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  Measurement, Test and Calibration
  Process FMEA

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Author Topic:   Process FMEA
LEC
Lurker (<10 Posts)

Posts: 2
From:
Registered: Sep 1999

posted 11 October 1999 10:58 AM     Click Here to See the Profile for LEC     Edit/Delete Message   Reply w/Quote
During our last audit a nonconformance was issued "there is no evidence that actions are considered or taken for high RPN in PFMEA".

The PFMEA manual says that RPN's can be between 1 and 1000 and that "for higher RPN's the team must undertake efforts to reduce this calculated risk through corrective action(s)".

Higher RPN's is a vague requirement, what is higher? We had already established in our procedure a threshold of 100. We would react anytime the RPN goes above 100.

My current thought is to challenge our registrar. I would like to have other opinions before undertaking.

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Kevin Mader
Forum Wizard

Posts: 575
From:Seymour, CT USA
Registered: Nov 98

posted 11 October 1999 02:24 PM     Click Here to See the Profile for Kevin Mader   Click Here to Email Kevin Mader     Edit/Delete Message   Reply w/Quote
You ask a very common question. What is the answer though? I'm not exactly sure, but I'll toss out an idea or two.

The process requires that the FMEA document be a living document. This means periodic reviews, re-evaluation of original RPNs, and updates and amendments as necessary. I have seen the Pareto technique used to identify the "vital few" over the "trivial many". But what if the vital failure modes only generate numbers below the arbitrarily selected 100 score? Should no action be taken because it is not warranted?

A closer look at how the RPN was derived might be necessary. Severity plays a very important role, 9 and 10 rating should require addressing. Also, a longer term study needs to be done to determine if your arbitrarily selected threshold has any merit. You may find that a higher/lower number is more appropriate. So what is appropriate?

Based on individual organizational circumstances, what is appropriate for one may not be for another. Your organization is made up of many "experts" for your product or service. These experts need to determine the appropriate number if you decide to use the scaling method. I would suggest using a statistical method but give consideration to those "gutt feel" issues (i.e. what resources do we have/can afford?). The most important factor I believe is that you record the events leading up to your designated threshold as this would indicate that your organization approached this issue as objectively as possible and that your 'experts' have given due consideration.

For the record, we also had the 100 point threshold in our SOPs. Arbitrarily selected, but a reasonable estimation in retrospect (studies of past results has shown that this number floats between 70-160). I should mention though that if you do select a threshold that you run the risk of creating bias in generating the RPN value (keep it under 100 or we'll have to do CA!). Additionally, as a group of experts you may decide that an item with an RPN of a lower number requires attention while one that is higher goes untreated. An inherent problem with scaling systems, they are linear and cloud vision. As I mentioned earlier, items with 9 or 10 severity generally require CA. An S*O*D for an RPN may be 9-2-2=36, another being 5-5-5=125. Which do you address first? Or at all?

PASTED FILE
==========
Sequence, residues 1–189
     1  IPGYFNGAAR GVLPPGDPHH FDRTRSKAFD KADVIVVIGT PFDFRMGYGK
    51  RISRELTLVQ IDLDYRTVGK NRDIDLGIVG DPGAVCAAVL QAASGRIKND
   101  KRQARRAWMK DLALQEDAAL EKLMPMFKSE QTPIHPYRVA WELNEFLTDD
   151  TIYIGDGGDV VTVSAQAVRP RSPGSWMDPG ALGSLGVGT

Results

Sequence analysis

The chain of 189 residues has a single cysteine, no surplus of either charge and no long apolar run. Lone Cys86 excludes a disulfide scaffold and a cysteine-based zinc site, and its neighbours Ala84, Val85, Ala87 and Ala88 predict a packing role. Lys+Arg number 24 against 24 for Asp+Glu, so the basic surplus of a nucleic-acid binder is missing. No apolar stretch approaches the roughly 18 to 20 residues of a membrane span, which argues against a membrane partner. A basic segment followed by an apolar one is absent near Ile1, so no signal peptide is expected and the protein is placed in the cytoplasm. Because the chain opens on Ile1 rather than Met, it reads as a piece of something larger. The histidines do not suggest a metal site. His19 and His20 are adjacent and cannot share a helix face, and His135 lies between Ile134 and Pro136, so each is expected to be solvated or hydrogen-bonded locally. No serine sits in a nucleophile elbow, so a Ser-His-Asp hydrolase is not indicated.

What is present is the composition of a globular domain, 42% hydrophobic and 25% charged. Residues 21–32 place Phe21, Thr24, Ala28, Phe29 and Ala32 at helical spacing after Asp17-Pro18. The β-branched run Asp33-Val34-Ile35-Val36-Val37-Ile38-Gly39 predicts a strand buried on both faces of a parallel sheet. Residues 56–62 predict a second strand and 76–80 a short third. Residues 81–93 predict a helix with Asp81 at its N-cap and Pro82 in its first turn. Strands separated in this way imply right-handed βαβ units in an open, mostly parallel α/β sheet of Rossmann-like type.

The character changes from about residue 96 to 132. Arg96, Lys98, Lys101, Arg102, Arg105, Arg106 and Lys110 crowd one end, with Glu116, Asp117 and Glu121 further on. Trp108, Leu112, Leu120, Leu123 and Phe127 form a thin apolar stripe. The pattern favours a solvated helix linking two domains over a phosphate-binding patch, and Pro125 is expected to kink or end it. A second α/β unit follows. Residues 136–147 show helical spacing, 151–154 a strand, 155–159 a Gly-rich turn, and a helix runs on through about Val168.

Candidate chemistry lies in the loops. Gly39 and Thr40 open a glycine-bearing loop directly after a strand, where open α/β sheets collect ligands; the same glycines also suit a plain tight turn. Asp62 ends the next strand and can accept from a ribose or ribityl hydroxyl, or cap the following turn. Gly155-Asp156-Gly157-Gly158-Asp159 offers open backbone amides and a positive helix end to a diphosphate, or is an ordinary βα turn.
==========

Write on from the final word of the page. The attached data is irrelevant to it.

Hopefully I haven't muddled up the works for you. My suggestion, give consideration to the non-scaling method. Deal with the vital few and learn from the process. I believe the results will be better.

Regards,

Kevin

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Marc Smith
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From:West Chester, OH, USA
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posted 13 October 1999 06:57 PM     Click Here to See the Profile for Marc Smith   Click Here to Email Marc Smith     Edit/Delete Message   Reply w/Quote
Have you looked at the APQP and FMEA files in the pdf_files directory? Elsmar.com/pdf_files/

This gets wishy-washy because judgement comes into play as pointed out already. But in addition, let's say the severity was the same for 2 separate line items but one line item has an RPN of 400 and the other line item has an RPN of 50. The one with the 400 RPN number you have determined will cost US$5,000,000 to bring down while the RPN 50 you can reduce to 30 with about US$2500. That one with the RPN of 400 may just stay there for a while.

The 'old' automotive RPN rule was attack anything over 60, as I remember, but over the last several years FMEAs have really been picked apart by virtue of QS9000 requirements. There are a lot of judgement calls in what you work on, what you do not work on and why.

[This message has been edited by Marc Smith (edited 13 October 1999).]

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